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Stay and tell: memory objects and narratives of appropriation. Tracing social change in text, photographs and patterns within personal archives

Project leaders:
Ana de Almeida, Lena Ditte Nissen, Elif Süsler-Rohringer

3 years

Funded by:
Austrian Academy of Sciences (ÖAW)

ÖAW | DOC-team
Ana de Almeida (Academy of Fine Arts Vienna), Lena Ditte Nissen (University of Art and Design Linz), Elif Süsler-Rohringer (University of Applied Arts Vienna)
Duration: 1.7.2022 – 30.6.2025

The collaborative research project of Ana de Almeida, Elif Süsler-Rohringer, and Lena Ditte Nissen crosses the borders between the disciplines of artistic research, cultural studies, and design history and theory. It deals with collective processes and experiences of remembering through family memorabilia and the operational mechanisms of the private archive. Through the study of the three research cases – women’s role in National Socialism and its legacy; the 1974-1989 inter-revolutionary space between the Carnation and the Velvet Revolutions in Portugal and former Czechoslovakia; and the everyday appropriation of fashion in conjunction with the multiple entanglements resulting from labor migration between Turkey, Germany and Austria-– this joint project addresses the processes through which lived collective experiences of trauma, desire, and constitution of the self as Other are intergenerationally transferred. Furthermore, it reflects upon the role these transferred experiences play in the determination of identities of the collective subjects of postmemory.

Each research case is addressed by analysing a specific inscription medium from a media-anthropological and autoethnographic perspective. The first research object is constituted by the letters, diaries, and other writings of Camilla, the grandmother of researcher Lena Ditte Nissen. Camilla was a staunch National Socialist, daughter of Nanna Conti, the German Reich’s leader of midwives, and sister of Leo Conti, who was the Reich Health Leader (Reichsärzteführer) of National Socialist Germany. The second object in focus is the photos of Ana de Almeida’s father, José Almeida, who was a Portuguese student under a socialist scholarship program in former Czechoslovakia, between 1978 and 1987, and extends to photography collections produced and assembled by other Portuguese former students in the same country. The third case concentrates on paper patterns and their remnants as clothes/photos from an “insider” observation position. Süsler-Rohringer researches their individualization processes in Turkey, Austria, and Germany while focusing on “guest worker” families with tailoring/dressmaker backgrounds. Through this research, we investigate these textual, photographically, and commercial references in private and subjective narratives of flight, international movements of socialist students, and migration.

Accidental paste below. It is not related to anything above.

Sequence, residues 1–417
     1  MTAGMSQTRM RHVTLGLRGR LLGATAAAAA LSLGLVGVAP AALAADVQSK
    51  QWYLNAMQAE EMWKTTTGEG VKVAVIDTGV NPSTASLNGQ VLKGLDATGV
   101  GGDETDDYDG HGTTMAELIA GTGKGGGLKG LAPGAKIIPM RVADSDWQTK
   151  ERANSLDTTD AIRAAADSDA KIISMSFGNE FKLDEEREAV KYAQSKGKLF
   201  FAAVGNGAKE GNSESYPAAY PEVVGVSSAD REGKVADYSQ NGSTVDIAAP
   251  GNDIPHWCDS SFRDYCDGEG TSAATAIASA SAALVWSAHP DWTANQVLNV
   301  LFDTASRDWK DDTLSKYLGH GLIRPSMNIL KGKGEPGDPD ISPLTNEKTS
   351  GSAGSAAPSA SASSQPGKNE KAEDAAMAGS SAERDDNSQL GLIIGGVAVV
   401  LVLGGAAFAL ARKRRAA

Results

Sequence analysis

Furthermore, through the study of the interconnections between the three cases, this project aims to reveal and question social maps of a network where researchers interact with the process of inquiry through archival research and various empirical and performative methods. In our studies, we incorporate research at private and institutional archives with group analysis, interviews, and participatory observation, as the latter will also create a basis to investigate the past in the shifting context of the present. Nissen’s method Deutungswerkstatt (engl. Interpretation Workshop), which is also connected to her artistic research, will create a common methodological ground for us to take a self-reflexive stance on our encounters gathered by (auto-)ethnographic processes. Thus, this overall methodology is strongly connected to our choice of research objects and our aim to reclaim their space in macro-political and historical perspectives, while challenging reductionism implemented in these processes.

To the project led by Ana de Almeida.